December 26, 2006

Power Shift: Survival Tips

As outlined in Power Shift today, I'm going to go into more detail on what you should have in your car. I'm going to make a first distinction, though, that some help sites overlook: If you're not a long distance traveller every week, there are things that probably take up more space than need be.

And that's the number one complaint I hear - many of the things you're told to have take up all of your trunk. So, be reasonable. Assess your life, understand the weather where you live, and make sure you cover all the bases.

If you're setting out on a road trip - whether cross country, or a three hour tour (look what happened to Gilligan), you need to be expecting the unexpected. Weather is tricky to predict, and conditions can deteriorate rapidly. Make sure you have ready access to at least the following:

1. Fresh water. Don't depend on melting snow, it's probably full of chemicals.
2. Food. The chocolate bars I mentioned are good, power bars will actually taste far better if there is nothing to compare them too, dried fruit lasts forever as well.
3. Clothing. I can't stress enough proper footwear. For women especially, have snow boots in the car. Keep some big socks stuffed in them. All of your body heat escapes through your head, so keep hats and mitts (how about all those ones in the bin that nobody wears?) in a bag. You need to be able to layer for warmth.
4. Candles and matches. A flashlight. Road flares. Most of these things can be found in a store bought kit you purchase, and will tuck under the seat. The more you spend, the more you'll get.
5. A whistle. Bright tape. As the proberbial needle in a haystack, you may end up having to do anything you can to let people know where you are.
6. LET PEOPLE KNOW WHERE YOU ARE. File a route map with someone you trust. If you change paths, even for a posted detour, tell someone. Carry a charged cell phone and a charger. IF CONDITIONS DETERIORATE, TURN BACK.
7. Blankets. Also carry a couple of those little solar blankets that come in a pouch. They're as big as a pack of gum, but open up huge and really work.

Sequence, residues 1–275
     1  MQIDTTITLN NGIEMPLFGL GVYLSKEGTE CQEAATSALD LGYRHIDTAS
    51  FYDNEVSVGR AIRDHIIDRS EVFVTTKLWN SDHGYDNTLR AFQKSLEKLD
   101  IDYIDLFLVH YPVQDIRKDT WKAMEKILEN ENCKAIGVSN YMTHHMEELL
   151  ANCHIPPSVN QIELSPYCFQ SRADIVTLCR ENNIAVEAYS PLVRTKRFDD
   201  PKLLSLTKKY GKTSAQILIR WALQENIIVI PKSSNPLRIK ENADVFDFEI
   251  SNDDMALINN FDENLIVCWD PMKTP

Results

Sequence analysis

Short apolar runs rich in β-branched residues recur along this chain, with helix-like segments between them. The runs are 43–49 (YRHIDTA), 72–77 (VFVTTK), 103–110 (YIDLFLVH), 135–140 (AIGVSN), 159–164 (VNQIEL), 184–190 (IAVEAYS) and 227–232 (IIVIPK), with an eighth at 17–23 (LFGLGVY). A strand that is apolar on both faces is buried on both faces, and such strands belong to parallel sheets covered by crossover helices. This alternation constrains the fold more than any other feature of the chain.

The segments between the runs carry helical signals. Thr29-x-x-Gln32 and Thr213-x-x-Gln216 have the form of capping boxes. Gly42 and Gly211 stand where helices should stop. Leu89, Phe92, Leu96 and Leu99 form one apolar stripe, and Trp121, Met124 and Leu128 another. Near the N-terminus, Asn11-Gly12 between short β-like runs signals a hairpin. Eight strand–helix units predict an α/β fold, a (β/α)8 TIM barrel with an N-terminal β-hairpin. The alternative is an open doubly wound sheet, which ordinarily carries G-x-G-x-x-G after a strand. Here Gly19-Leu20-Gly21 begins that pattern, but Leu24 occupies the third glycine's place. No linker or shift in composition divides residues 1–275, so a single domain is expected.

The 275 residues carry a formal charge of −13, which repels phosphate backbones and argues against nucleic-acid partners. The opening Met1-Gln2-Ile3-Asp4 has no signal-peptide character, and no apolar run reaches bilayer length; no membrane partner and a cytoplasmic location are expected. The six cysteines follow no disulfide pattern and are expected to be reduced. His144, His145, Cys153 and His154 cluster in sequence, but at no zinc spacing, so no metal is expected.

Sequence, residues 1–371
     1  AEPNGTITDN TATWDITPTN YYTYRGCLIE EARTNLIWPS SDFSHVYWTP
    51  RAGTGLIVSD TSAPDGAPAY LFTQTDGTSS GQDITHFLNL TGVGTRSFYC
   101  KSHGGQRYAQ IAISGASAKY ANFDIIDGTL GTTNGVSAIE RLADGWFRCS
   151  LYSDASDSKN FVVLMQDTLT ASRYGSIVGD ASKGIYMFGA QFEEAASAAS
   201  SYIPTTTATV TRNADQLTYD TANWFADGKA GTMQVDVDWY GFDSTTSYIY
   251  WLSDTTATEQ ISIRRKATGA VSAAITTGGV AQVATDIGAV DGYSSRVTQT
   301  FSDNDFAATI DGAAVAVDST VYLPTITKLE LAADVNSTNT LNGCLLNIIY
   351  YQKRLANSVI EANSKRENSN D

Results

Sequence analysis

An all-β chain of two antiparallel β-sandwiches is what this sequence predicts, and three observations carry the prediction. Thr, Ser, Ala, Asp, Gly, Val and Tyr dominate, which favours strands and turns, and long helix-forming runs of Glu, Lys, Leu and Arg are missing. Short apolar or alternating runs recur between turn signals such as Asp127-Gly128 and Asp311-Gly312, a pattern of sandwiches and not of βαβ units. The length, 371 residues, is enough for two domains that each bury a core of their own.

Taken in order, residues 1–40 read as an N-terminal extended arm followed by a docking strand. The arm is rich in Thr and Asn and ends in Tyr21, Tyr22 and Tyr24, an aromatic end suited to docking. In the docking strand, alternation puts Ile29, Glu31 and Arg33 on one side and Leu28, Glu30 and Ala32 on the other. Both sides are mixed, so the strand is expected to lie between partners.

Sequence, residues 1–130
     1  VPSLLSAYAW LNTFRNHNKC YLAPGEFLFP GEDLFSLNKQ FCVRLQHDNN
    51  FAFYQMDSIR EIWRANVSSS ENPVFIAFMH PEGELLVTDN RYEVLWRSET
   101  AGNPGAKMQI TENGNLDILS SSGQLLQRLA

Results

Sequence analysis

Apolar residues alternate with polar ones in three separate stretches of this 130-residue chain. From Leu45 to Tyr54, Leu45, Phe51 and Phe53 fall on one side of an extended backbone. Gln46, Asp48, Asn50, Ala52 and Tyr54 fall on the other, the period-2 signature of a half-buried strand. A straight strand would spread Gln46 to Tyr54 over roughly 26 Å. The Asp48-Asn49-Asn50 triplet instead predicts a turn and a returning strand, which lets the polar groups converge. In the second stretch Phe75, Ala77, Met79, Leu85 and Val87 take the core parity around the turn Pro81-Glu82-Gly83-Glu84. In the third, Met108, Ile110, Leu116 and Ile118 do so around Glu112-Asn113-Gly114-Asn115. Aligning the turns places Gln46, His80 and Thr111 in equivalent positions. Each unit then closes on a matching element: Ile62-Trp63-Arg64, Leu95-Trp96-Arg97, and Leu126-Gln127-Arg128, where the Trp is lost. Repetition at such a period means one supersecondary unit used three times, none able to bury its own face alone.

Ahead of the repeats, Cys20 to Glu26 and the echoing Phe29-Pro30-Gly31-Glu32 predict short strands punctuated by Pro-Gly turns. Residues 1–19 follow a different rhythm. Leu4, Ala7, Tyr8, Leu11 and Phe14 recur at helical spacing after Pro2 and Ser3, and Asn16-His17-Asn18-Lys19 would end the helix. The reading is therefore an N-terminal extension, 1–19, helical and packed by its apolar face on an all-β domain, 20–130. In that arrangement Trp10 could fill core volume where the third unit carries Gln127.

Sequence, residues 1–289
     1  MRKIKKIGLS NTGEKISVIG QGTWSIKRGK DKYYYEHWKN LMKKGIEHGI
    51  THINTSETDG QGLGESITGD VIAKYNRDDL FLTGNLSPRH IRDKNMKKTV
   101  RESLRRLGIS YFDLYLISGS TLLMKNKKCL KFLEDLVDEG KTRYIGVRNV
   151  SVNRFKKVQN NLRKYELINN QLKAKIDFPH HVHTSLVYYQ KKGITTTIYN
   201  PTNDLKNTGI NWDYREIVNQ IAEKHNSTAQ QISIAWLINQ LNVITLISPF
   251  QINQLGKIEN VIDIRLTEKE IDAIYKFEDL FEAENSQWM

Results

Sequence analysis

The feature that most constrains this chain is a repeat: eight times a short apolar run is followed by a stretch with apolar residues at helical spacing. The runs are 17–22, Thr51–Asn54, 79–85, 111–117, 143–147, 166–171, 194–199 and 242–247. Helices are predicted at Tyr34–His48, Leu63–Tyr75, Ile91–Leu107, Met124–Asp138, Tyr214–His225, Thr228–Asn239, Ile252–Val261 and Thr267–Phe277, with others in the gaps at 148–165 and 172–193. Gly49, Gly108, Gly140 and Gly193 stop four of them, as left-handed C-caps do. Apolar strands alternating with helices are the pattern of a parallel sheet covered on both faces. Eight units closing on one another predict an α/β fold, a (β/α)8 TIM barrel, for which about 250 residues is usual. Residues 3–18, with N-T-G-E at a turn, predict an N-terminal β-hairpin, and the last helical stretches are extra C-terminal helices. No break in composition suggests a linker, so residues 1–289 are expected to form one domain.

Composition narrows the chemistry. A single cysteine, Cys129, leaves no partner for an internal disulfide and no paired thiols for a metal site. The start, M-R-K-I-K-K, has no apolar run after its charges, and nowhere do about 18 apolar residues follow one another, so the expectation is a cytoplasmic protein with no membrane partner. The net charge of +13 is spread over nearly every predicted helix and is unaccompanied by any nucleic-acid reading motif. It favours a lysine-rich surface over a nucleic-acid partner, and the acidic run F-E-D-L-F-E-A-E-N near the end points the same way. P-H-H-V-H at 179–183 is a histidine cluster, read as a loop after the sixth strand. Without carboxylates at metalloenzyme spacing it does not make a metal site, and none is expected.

8. Jumper Cables. You're going to run your battery down.
9. GAS UP AT EVERY OPPORTUNITY. Here, you must think like a parent with toddlers. You would never pass a bathroom without making everyone go. In iffy weather, don't pass up any opportunity to gas up.
10. A knife, and duct tape. If something is loose, tape it tight. If something is tight, cut it loose.
11. A tool box. Even if you don't know how to use the stuff in it, someone that finds you may need it. Keep a collapsible shovel. They are really handy.


Make sure you still have a blanket, boots and hats, a collapsible shovel, water and some foot in the glovebox. In winter, keep the gas tank topped up. If you drive small kids, have spare warm clothing for them. The cell phone is still important, and keep an eye on the weather. Jumper cables can be invaluable - but learn how to use them. (If you don't know, tell me and I'll post how to do it.)

In all cases, don't drive over your head. Stay out of areas you don't know, don't overestimate the ability of your vehicle, and err on the side of caution. Listen to the local news, and read the local paper. You will be informed of road closings, construction and delays. Don't drive if you've been drinking, don't drive if you're tired, and don't drive angry. That may sound a little crazy, but angry drivers make stupid mistakes and take dumb risks. Cool off somewhere other than on the road.

In any case, if problems arise, stay with your car. There are very few times when leaving makes sense, and your odds drop dangerously when you abandon the easiest way for searchers to find you. Put an 'x' on the roof of your car with bright tape, pray the person you told of your trip details wrote it down, and stay positive.

I welcome additional tips in the comments section. I hope everyone had a great Christmas - more blogging later.


Anonymous Anonymous said...

Why on earth are you posting this crap? It's like the crud you get in the AAA booklet. If people want to find out how to travel safely in bad weather, they can look at one of the millions of existing resources.

Why you posted this to try and make it seem as though you are contributing something to society I have no idea.

Look, you are just a dull person. Nobody wants to read about you or your dull opinions. So stop!

December 27, 2006 3:37 PM  
Anonymous Anonymous said...

Someone must have got a lump of coal in their stocking (well-deserved I'd say.) Why do you read Lorraine's blog if you have better things to do? I take all such info as worth reading - it may seem like common sense but we do forget we have no control over the unexpected without preparation. Thanks for the memory jog Lorraine. Anonymous sounds like a little envy is present. Hope green is his or her colour. Sandie ( the Avon lady)

December 27, 2006 9:34 PM  

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